Alexandria driving tour offers deeper look at city’s Black history

From the site of one of the nation’s earliest sit-ins to the oldest active historically Black congregation, Alexandria, Virginia, is offering a new tour, and it’s rich with history.

It’s called “The Courageous Journey: Alexandria’s Black History Driving Tour.” The self-guided tour is made up of eight sites.

Visitors are invited to begin at Barrett Branch Library on Queen Street, where 26-year-old attorney Samuel Tucker and five other African-American men held a sit-in in 1939. Blocks away is the city’s Black History Museum, which sits on what used to be the site of the only library for Black people in Alexandria.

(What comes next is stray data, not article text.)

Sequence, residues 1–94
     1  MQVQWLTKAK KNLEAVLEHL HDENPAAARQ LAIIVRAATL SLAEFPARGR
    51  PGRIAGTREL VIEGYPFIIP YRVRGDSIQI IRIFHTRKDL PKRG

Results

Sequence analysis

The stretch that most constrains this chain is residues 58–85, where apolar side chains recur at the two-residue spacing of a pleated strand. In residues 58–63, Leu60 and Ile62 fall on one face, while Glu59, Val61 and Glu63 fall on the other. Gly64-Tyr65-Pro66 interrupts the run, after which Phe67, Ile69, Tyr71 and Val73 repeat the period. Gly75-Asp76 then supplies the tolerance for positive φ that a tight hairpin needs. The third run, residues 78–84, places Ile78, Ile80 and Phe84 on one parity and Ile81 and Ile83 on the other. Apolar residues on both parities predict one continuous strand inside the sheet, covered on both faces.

Not far away, visitors can stop by the Alfred Street Baptist Church, which dates back to the 19th century and was probably designed and built by free Black craftsmen.

Along the waterfront, there’s the “Wrought, Knit, Labors, Legacies” sculpture, on display there through November. Its purpose is to shed light on the city’s once bustling port that was a result of the slave trade.

“The Fort” African American Community Site is another historical stop, established by a group of formerly enslaved Black people. Homes, churches and a school once stood on the grounds.

Check out the complete list of stops here. A map of the sites is shown below.

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